If you’re about to graduate from college or graduate school, you probably have a million different things on your mind. You’re likely focused on wrapping up final exams or writing your thesis, looking for jobs or fellowships, and figuring out where to live. Not to mention bonding with friends during pre-graduation activities or that congratulatory summer trip.
Add getting ready for your first student loan payment to your to-do list. The financial terms can get confusing, and you don’t want to risk being blindsided and missing payments once you’re thrust into the post-college “real world.”
Plus arming yourself with information will help ensure you choose the right repayment option for your situation and have a plan for managing your debt in the long-term. One thing is clear: ignoring your student loans can lead to massive consequences for your financial life.
Learning to make student loan payments doesn’t have to be complicated, once you have the fundamentals down. Since you most likely didn’t cover these things in your classes, here are some tips for everyone preparing to make their first student loan payment.
Learning Key Terms
Let’s start with the basics of student loans. Loan agreements are full of jargon, but there are a few terms you need to understand. One is principal, which is the amount you originally borrowed (and what’s left once you start repaying it). Then there’s interest rate, which is a percentage of the principal the lender is charging you for borrowing the money.
The next term to know is the balance, which is the amount of money you currently owe on your loan. This will start out as being equivalent to the principal, but will grow as interest gets added on.
Another important term is capitalization. This is when unpaid interest gets added to the principal of the loan. With federal student loans, you might rack up unpaid interest during periods of deferment, forbearance, or if you have an income-driven repayment plan in which your payment doesn’t cover interest in full each month.
If you don’t pay that interest, it can be capitalized—including when the deferment or forbearance period ends or when you leave an income-driven plan (voluntarily or not). Capitalized interest can then be added to the principal balance of your loan.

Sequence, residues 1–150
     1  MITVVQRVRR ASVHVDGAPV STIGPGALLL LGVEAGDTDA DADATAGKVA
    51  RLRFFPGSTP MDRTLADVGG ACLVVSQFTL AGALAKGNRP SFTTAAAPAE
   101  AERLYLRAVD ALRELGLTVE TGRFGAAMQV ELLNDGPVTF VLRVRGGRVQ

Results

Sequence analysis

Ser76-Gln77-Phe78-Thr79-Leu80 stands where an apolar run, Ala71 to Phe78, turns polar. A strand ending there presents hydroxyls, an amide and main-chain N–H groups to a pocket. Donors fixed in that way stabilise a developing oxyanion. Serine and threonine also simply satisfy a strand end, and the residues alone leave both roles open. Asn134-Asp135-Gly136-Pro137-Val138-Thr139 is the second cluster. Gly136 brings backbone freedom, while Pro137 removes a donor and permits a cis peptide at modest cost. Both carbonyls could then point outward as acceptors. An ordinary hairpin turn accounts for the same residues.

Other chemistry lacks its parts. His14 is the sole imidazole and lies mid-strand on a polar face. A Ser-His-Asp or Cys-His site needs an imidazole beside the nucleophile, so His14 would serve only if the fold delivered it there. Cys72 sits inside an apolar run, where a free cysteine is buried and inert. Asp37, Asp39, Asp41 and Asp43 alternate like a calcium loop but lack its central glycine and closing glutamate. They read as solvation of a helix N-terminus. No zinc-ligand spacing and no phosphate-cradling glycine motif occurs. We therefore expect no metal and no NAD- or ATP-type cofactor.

Making a Budget
The key to paying off student loans, like any debt, is budgeting. Budgeting can sound like a buzzkill, but it’s really a way to take control of your money and make sure you avoid disaster and keep moving toward your goals. To make a budget, you can start by making a list of all the expenses you foresee after graduation.
Include both necessities (rent, utilities, transportation, groceries), and discretionary spending (gym memberships, eating out, clothing, Netflix). Make sure that you include your student loan payment here!
Next, you could make a list of the income you expect—after taxes. This may include your salary or wages, any gifts from your family, and any income from side hustles. If your expenses exceed what you make, you may want to find ways to either cut your spending or grow your income. Don’t be afraid to get creative.
Ideally, you’d even have a bit of room left over to start saving every month for retirement and other goals. Luckily, most federal student loans come with a grace period of six months, which might give you enough time after you graduate to figure things out and make adjustments. The bottom line is: Don’t just hope you’ll have money left for student loans every month—plan for it.
Choosing a Repayment Plan
With federal student loans, you can select from about eight different student loan repayment plans (what you qualify for depends on the loans you have and when you borrowed). With the default Standard Repayment Plan , you pay the same amount every month and pay your loan off within 10 years.
This plan allows you to get rid of your loans relatively quickly and pay less over the life of the loan (since interest has less time to accrue), but the payments can be too high for some borrowers with heftier debt balances.
The Graduated Repayment Plan also has you pay off your loan in up to 10 years but starts out with lower payments, then gradually increases them every two years or so (presumably alongside your salary).
The Extended Repayment Plan has a repayment term of up to 25 years through either fixed or graduated payments. This can help you get lower payments, but it will take longer to pay your loans off and, thus, you’ll likely pay more in interest.
Finally, there are four different income-driven repayment plans that tie your monthly payment to a percentage of your discretionary income. The plan that’s right for you depends on what loans you have, what you can currently afford, and your career prospects. If you’re confused, you can always talk to your loan servicer about which plan is right for you.